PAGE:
Spinal surgery: For patients with spinal metastases, a laminectomy to decompress the spinal cord or vertebral body resection to allow for the removal of the tumour can be undertaken. Spinal compression as a consequence of metastatic disease can lead to major disabilities severely affecting a patient’s independence and quality of life. Disabilities such as hemiparesis/plegia, which can render the patient bedbound with urinary and bowel incontinence requiring intimate care such as bladder and bowel management are devastating. Surgery to the spinal metastases may help to preserve mobility and allow for a further period of independence.
Radiation treatment is often used to relieve symptoms from solitary or multiple CNS metastases. Radiotherapy can maintain/delay neurological deterioration from brain and spinal metastases and therefore helps in the maintenance of a patient’s quality of life. The type, technique and total dose of radiation given depends on factors such as surgical excision of the metastases and the radiosensitivity of the primary tumour.
Various side-effects are associated with CNS irradiation. These are classified as acute reactions, early delayed reactions and late delayed reactions. Late delayed reactions, in the form of dementia and brain necrosis, tend to happen months to years following radiotherapy. Often, however, patients with CNS metastases have a poor prognosis and do not live long enough for such side-effects to occur.
Generally, when treating CNS metastases with radiation, lower doses are used to palliate symptoms. This helps to avoid unnecessary treatment-related side- effects. Nevertheless, regardless of the total radiation dose given, there are always some specific side-effects associated with this type of treatment. For example, some patients experience an acute reaction after starting radiotherapy. This may manifest as an exacerbation of the patient’s presenting symptoms and occur within 24 to 76 hours of starting treatment. For example, a patient presenting with headaches may experience an initial worsening of these, while another patient with epilepsy may experience an increase in seizure activity. These acute reactions are transient and tend to resolve within a couple of days, although some patients may require a short course of corticosteroids if the condition persists. The aetiology of the acute reaction in not well understood but may be due to tumour or brain oedema, causing an elevation of the intracranial pressure (Posner, 1995).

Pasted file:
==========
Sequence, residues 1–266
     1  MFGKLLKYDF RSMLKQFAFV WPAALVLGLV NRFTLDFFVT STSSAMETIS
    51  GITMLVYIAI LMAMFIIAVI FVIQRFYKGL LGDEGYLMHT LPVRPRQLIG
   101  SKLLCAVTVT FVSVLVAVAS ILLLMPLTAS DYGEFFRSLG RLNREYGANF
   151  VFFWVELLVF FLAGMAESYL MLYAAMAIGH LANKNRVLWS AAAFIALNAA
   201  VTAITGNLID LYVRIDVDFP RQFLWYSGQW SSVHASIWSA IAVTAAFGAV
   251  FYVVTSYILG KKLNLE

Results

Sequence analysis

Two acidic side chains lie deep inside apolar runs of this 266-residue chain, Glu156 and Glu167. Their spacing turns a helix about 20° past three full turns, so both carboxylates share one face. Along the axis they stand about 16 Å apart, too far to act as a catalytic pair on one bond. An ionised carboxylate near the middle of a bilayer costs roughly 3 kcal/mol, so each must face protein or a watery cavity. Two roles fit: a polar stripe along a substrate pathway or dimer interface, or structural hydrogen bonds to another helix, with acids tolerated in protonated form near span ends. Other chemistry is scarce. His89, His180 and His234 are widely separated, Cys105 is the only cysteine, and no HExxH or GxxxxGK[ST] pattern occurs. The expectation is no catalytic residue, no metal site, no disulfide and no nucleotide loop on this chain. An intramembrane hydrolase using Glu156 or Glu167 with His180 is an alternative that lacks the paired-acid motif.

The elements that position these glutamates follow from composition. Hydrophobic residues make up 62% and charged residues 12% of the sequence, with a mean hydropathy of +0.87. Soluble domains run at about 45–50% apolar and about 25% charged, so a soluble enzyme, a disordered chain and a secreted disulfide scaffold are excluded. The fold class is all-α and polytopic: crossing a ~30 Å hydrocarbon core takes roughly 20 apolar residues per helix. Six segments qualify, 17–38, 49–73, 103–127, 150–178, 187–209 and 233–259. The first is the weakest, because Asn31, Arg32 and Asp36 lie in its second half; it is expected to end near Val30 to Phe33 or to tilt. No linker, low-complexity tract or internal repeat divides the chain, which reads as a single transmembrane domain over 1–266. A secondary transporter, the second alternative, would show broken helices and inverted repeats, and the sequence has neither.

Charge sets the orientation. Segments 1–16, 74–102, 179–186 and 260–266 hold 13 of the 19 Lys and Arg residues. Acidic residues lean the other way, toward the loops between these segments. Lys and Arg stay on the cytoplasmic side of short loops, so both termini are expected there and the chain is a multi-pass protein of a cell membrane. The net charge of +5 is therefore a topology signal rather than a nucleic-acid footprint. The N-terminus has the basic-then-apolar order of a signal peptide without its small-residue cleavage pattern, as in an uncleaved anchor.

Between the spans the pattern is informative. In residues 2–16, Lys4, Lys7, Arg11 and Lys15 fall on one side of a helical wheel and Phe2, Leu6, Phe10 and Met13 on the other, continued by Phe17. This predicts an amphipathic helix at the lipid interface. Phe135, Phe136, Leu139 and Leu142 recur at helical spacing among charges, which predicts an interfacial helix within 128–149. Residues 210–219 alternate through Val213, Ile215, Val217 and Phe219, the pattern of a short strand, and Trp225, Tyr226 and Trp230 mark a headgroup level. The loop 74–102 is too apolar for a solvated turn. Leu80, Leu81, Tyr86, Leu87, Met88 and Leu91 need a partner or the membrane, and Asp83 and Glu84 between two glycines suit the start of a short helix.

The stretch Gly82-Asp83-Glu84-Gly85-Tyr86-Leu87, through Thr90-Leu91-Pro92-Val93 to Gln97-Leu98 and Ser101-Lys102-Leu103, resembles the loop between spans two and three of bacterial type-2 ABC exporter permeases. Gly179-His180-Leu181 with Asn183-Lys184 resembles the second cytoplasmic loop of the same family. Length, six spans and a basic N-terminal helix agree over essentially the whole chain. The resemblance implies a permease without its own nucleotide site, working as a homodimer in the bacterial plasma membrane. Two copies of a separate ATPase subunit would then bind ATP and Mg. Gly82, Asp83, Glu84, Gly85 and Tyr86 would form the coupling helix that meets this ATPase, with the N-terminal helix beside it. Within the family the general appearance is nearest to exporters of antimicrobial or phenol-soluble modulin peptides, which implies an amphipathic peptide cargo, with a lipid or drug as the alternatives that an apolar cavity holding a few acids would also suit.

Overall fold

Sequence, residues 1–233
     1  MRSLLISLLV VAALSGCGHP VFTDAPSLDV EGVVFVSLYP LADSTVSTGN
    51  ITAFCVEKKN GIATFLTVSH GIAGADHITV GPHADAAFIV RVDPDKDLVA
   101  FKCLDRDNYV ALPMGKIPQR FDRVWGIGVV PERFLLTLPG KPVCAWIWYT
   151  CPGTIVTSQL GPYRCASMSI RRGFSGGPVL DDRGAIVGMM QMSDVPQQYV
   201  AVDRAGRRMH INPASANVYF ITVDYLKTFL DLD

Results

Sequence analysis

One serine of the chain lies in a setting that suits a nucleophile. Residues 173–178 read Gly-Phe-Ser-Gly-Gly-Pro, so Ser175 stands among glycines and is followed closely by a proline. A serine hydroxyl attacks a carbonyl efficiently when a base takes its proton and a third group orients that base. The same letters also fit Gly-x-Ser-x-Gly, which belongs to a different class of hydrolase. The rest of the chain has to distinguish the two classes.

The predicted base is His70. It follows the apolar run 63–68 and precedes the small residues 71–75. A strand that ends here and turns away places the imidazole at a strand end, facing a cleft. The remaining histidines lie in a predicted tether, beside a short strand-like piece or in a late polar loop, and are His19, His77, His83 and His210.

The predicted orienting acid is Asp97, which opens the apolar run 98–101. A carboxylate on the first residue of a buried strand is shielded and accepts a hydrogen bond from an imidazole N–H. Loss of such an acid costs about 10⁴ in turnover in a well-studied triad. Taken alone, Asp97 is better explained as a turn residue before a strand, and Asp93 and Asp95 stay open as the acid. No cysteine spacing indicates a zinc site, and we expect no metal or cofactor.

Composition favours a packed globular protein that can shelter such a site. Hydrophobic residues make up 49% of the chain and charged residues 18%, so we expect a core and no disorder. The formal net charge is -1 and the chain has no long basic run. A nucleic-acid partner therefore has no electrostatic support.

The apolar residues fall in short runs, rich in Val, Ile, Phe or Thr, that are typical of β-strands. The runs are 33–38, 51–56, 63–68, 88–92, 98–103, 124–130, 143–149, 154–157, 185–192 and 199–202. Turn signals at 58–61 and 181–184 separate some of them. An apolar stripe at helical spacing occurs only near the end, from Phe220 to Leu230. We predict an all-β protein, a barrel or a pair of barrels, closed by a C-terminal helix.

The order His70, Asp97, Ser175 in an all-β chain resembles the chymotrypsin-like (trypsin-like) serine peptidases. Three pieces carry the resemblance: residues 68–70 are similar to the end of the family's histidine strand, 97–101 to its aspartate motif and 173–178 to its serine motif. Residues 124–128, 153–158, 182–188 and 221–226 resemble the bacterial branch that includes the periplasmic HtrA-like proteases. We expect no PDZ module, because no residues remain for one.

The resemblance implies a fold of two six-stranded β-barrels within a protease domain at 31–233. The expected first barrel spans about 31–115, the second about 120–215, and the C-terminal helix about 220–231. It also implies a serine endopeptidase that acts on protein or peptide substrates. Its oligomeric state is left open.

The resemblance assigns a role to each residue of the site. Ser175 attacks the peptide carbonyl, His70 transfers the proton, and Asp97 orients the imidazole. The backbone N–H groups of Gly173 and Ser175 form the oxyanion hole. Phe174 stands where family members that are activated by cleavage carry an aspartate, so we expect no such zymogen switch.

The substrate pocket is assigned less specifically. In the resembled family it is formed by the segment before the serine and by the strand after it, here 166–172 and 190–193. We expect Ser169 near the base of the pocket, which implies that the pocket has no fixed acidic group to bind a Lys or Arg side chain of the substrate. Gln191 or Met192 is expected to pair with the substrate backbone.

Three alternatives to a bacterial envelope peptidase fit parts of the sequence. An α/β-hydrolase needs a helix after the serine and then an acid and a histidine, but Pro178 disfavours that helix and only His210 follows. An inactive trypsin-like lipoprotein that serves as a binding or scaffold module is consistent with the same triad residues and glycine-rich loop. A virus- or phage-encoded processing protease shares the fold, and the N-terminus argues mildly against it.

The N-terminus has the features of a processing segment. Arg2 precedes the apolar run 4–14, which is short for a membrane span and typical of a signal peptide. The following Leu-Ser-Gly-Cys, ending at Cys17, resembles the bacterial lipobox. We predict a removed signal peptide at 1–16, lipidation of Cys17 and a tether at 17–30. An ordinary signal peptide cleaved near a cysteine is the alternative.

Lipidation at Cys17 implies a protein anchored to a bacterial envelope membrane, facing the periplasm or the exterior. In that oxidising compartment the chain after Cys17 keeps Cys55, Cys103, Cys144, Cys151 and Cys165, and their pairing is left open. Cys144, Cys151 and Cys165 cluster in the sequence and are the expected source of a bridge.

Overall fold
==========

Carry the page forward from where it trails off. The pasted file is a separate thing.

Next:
Early delayed radiotherapy side-effects include skin reactions, hair loss (alopecia) and somnolence (radiation-induced fatigue). Hair loss can be temporary or permanent depending on the total radiotherapy dose given. Erythema often precedes alopecia. It causes discomfort of the treated area and manifests as redness and inflammation. To alleviate the discomfort of erythema, hydrocortisone cream can be applied two to three times a day to the affected skin. During the dry desquamation stage, patients should be advised to use an unperfumed moisturising cream to keep the skin supple. Moist desquamation is uncommon, and even patients with primary CNS tumours undergoing radical radiotherapy rarely experience this.
Somnolence can be very distressing. The fatigue is not generally associated with wanting to sleep, but has more to do with feeling too exhausted mentally to initiate any planned action. At times, even thinking about doing something can be exhausting. Patients need to be reassured that this is normal and that nothing sinister is occurring. The somnolence tends to get worse on completion of treatment, and its duration depends on the amount of radiation given.
Many patients are frightened of the side-effects of radiotherapy, particularly if it has not been explained to them what these might be, in which case they may mistake them as tumour progression or treatment failure. It is important, therefore, that nurses understand what the side-effects of radiation treatment are, so that they can provide expert care and psychological support to patients and their carers (Guerrero, 1998).